Yesterday’s post reminded me of a line in Neil Simon’s (one of my favorite playwrights) The Sunshine Boys. One of the main characters, Willy, says, “Fifty-seven years in this business, you learn a few things. You know what words are funny and which words are not funny. Alka Seltzer is funny. You say ‘Alka Seltzer’ you get a laugh . . . Words with ‘k’ in them are funny. Casey Stengel, that’s a funny name. Robert Taylor is not funny. Cupcake is funny. Tomato is not funny. Cookie is funny. Cucumber is funny. Car keys. Cleveland . . . Cleveland is funny. Maryland is not funny. Then, there’s chicken. Chicken is funny. Pickle is funny.”
So, I was wondering if you knew of other funny words or phrases. There is a whole science of etymology which explores such things, but as listeners we have certain phrases or words that spark humor. I mean when Steve Martin first said “Excuuuuuse me!” did we not all laugh? The funniest words and those which many comedians employ are those we can categorize as “double entendres.” (Can you tell I used to teach English Language and Composition?) A double entendre is an expression with a double meaning, one of which is a bit more risque than expected. For example, on TV last evening, one could watch Meet the Fokkers.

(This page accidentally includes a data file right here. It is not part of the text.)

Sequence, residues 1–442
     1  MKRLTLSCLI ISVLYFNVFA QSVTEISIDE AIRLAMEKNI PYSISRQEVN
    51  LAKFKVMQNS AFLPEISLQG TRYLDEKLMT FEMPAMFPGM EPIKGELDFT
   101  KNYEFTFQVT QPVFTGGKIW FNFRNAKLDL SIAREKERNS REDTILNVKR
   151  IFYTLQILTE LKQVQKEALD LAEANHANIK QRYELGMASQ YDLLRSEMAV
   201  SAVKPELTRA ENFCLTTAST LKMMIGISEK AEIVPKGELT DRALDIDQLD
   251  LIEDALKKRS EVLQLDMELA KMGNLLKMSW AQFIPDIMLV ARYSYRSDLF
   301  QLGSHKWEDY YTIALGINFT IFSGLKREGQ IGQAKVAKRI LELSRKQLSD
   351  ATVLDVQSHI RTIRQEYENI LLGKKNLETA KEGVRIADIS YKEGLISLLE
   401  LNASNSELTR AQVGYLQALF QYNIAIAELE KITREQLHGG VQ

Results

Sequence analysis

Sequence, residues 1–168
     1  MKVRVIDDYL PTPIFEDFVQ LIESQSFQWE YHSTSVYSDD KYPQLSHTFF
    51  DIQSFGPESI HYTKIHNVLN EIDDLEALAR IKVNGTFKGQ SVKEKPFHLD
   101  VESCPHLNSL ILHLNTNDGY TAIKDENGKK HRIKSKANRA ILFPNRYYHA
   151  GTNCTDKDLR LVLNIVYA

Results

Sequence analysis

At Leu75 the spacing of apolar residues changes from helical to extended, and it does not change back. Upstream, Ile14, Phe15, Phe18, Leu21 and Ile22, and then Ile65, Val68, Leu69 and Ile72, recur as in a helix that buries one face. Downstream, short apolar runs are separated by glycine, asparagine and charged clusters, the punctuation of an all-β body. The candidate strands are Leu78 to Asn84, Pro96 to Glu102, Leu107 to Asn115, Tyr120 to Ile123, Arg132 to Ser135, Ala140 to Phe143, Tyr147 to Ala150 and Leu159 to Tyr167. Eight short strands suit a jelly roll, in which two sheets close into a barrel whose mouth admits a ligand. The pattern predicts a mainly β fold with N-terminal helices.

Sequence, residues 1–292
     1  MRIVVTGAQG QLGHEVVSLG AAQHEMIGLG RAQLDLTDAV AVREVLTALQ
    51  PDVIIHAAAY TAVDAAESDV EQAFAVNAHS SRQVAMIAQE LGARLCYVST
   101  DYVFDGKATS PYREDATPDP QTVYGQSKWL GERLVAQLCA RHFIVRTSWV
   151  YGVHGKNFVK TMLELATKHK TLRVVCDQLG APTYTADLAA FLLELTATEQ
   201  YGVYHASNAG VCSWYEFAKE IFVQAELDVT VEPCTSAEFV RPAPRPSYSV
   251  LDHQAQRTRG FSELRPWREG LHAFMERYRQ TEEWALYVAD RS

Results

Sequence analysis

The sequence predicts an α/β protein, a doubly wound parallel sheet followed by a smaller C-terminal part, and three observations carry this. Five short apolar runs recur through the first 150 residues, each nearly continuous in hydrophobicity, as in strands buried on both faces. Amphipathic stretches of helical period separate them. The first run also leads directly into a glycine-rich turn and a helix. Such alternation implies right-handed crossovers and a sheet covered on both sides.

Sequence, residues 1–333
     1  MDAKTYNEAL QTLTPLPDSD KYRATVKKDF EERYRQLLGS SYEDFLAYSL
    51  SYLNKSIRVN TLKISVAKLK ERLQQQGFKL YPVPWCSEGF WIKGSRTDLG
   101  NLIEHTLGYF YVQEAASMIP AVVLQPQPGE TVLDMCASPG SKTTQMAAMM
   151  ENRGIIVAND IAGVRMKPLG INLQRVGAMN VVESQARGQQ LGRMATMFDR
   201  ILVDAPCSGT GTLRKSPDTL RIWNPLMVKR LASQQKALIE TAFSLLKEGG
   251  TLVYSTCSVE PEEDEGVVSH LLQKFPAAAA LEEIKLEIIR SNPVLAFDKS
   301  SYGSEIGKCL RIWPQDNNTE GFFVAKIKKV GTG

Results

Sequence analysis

Please keep it clean in your responses, but have you seen or heard such phrases? I once remember a restaurant billboard that said something such as, “Try our new fish dinner, just for the halibut.”
I mean, let’s face it: “Kumquats” is a funny word. As is “Oshkosh,” “Peoria,” “Chock Full of Nuts,” Organ Grinder,” and “Chamber Pot.” (The last of which I use quite often, as I write Regency romance.)